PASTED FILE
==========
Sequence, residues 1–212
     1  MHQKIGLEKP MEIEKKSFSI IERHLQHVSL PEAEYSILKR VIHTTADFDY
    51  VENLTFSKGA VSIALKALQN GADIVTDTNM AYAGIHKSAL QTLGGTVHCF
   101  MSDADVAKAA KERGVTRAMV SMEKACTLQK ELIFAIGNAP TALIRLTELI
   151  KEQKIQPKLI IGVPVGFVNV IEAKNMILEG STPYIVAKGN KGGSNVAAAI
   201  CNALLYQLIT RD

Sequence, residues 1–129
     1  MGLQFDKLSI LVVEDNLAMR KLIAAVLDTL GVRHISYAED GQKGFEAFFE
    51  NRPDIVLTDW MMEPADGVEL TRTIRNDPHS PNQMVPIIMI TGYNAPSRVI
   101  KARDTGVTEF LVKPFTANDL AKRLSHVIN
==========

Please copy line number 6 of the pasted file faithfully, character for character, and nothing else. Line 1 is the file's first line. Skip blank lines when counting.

   201  CNALLYQLIT RD